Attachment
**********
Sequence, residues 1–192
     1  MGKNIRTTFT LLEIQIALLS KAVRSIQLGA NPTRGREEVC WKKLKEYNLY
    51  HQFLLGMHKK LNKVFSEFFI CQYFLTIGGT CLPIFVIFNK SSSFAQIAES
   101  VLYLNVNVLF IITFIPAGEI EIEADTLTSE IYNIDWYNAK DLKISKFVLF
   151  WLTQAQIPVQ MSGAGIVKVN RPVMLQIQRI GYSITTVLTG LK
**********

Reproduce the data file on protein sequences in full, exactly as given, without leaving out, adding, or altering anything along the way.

Sequence, residues 1–192
     1  MGKNIRTTFT LLEIQIALLS KAVRSIQLGA NPTRGREEVC WKKLKEYNLY
    51  HQFLLGMHKK LNKVFSEFFI CQYFLTIGGT CLPIFVIFNK SSSFAQIAES
   101  VLYLNVNVLF IITFIPAGEI EIEADTLTSE IYNIDWYNAK DLKISKFVLF
   151  WLTQAQIPVQ MSGAGIVKVN RPVMLQIQRI GYSITTVLTG LK